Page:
A judgment is a court determination of a sum certain due to a party, usually a creditor, entered on the court records in the State of New Jersey by default or after a court determination after a plenary hearing. One important step that is at times overlooked by creditors is that in order to ensure that a judgment becomes a lien on all real estate owned by the judgment defendant in the State of New Jersey, it is necessary to docket the judgment by tendering a $35 fee to the Clerk of the Superior Court in Trenton, New Jersey. In the Special Civil Part where cases are filed for amounts in controversy below $15,000, a judgment must be docketed in the Superior Court to become a recognized lien. A judgment entitles a creditor to pursue assets owned by the judgment defendant by way of obtaining a writ of execution directed to the Sheriff of a county in which the assets are located directing the Sheriff to undertake certain enforcement actions and levy upon assets.
The issue that often arises with judgments is the priority of the claim as opposed to mortgage liens and other creditors who also hold judgments. With respect to other unsecured creditors who obtain judgments, the general rule is the first in time to execute and levy upon assets is rewarded by their diligence and can attach the asset and sell it in partial satisfaction of the claim. Mortgage liens against real estate are higher in priority than judgment liens. An issue that often arises with respect to judgment liens is the priority of that lien as against a bankruptcy trustee. In order to achieve a “perfected’ status against the bankruptcy trustee, the judgment creditor must make a good faith effort to locate, levy and execute upon personal property of the debtor before relying upon the filed lien against real estate.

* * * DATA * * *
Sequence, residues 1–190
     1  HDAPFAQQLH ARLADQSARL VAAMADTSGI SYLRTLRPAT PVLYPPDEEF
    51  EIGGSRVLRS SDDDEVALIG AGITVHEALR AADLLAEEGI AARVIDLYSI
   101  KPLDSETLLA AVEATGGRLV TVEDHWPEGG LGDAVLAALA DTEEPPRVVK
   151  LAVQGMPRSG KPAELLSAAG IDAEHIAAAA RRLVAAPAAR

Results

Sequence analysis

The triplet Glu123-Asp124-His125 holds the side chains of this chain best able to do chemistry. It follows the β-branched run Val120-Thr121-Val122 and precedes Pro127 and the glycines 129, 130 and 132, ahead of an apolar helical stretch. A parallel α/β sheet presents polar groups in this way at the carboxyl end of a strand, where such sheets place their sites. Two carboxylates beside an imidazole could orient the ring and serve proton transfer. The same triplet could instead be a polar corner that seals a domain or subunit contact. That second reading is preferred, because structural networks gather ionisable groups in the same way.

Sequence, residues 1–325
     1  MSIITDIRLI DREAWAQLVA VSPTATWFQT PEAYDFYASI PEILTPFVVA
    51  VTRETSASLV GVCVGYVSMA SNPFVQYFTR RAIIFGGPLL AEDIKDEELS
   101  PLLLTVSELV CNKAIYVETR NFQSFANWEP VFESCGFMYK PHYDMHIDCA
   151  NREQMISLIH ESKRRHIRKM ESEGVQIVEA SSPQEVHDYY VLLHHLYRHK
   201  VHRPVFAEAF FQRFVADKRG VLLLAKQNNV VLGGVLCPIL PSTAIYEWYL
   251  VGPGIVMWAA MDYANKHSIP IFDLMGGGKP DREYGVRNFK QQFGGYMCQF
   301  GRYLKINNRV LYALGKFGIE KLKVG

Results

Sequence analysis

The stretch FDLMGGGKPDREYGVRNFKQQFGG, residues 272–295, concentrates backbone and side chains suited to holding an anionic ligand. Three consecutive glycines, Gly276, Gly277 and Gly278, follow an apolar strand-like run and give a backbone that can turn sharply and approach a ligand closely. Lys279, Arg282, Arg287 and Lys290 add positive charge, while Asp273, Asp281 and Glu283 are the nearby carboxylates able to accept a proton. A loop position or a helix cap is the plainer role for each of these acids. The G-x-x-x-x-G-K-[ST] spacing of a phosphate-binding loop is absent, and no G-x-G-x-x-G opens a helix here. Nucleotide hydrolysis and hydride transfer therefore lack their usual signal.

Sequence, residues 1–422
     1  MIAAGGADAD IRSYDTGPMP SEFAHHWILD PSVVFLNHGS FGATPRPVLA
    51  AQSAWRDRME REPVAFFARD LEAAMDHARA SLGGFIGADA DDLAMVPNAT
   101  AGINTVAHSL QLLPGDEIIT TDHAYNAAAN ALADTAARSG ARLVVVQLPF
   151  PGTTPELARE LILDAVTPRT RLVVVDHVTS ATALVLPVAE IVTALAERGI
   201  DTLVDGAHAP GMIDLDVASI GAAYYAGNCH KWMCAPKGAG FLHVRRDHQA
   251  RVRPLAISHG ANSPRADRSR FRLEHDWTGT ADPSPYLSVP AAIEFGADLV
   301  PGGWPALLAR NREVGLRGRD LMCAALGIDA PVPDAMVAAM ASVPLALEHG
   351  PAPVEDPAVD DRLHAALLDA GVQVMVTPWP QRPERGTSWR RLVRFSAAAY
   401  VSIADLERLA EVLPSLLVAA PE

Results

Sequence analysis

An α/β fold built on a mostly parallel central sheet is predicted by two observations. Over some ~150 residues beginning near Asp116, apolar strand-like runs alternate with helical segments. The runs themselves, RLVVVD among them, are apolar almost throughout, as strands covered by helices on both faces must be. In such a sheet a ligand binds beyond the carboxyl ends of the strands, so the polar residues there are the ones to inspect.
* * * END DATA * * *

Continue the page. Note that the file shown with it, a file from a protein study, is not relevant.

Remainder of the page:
A common scenario in Chapter 7 cases arises when judgment creditors have not obtained a perfected status and their liens can be “avoided” by a Chapter 7 trustee who holds a superior status under 11 U.S.C. §544 of the Bankruptcy Code as a hypothetical lien creditor with a perfected lien. The priority of judgment liens must be evaluated against secured creditors claims under Article 9 of the Uniform Commercial Code who may have lent money to a debtor and obtained a lien on specific assets.
Searches are often performed in the New Jersey Division of Commercial Recording to determine if any secured creditors are ahead of the judgment creditor by properly filing what is known as a UCC-1 Financing Statement in the proper location, usually the place of incorporation of the business debtor or the location of the property. A judgment remains a lien for 20 years and upon application to the court within six months prior to the 20 year expiration date can be renewed.
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